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The Noise of Time - Review

March 7, 2016

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The Noise of Time by Julian Barnes - Review

This masterful novel by the author of Arthur & George, Metroland, Flaubert’s Parrot and the Man Booker Prize-winning The Sense Of An Ending re-imagines the life of Russian composer Dmitri Shostakovich.

It examines the difficulties of being a creative artist whilst living under a totalitarian government, and the many compromises and sacrifices he has to make in order keep himself and his family safe.

Moving from 1937, the Stalin era, to the 1970s, when Khrushchev was in power, it illuminates the constant fear and the shifting loyalties Shostakovich had to deal with – from being officially denounced to being forced to defend the Soviet Union on a trip to America.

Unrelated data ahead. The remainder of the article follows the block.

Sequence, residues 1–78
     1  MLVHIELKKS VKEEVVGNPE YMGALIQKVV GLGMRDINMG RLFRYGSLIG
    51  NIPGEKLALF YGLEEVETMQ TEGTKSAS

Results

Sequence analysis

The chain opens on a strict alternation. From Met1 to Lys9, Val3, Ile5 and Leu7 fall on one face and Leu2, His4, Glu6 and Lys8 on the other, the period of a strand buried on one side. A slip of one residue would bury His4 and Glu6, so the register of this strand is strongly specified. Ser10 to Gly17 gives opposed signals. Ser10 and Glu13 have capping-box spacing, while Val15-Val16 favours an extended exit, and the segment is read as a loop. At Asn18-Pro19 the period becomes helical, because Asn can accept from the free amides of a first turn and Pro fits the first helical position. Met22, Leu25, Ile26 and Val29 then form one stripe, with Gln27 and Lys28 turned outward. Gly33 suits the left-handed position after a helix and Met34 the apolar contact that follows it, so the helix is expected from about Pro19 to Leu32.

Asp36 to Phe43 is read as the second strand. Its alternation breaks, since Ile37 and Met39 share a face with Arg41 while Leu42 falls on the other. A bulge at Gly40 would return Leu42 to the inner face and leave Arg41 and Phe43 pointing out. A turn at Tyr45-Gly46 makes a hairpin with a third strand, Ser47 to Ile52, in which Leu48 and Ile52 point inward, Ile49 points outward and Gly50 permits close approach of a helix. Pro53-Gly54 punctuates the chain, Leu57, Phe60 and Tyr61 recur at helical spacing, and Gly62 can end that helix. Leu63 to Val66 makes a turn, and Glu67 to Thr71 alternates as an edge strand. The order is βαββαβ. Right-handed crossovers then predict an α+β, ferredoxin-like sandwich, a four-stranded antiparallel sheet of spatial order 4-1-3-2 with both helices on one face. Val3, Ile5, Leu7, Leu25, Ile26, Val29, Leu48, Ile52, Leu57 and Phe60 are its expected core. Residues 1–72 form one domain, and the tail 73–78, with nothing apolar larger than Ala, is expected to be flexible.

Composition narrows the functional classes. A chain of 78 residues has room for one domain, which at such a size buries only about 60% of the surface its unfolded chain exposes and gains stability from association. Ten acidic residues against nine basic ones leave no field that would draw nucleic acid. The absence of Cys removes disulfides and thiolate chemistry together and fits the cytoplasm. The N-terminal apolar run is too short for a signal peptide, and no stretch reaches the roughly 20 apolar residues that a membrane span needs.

More than anything, it underlines how much easier it is to condemn or sympathise with an oppressive regime from a distance than it is to actually live under it.

Spotlighting three distinct moments in Shostakovich’s life, it’s a poetic, moving and very human story which questions our conventional ideas of what constitutes bravery and what constitutes cowardice. 

Written by Ruth, Marketing 

  • The Noise of Time cover
    The Noise of Time

    In May 1937 a man in his early thirties waits by the lift of a Leningrad apartment block. He waits all through the night, expecting to be taken away to the Big House. Any celebrity he has known in the previous decade is no use to him now. And few who are taken to the Big House ever return.

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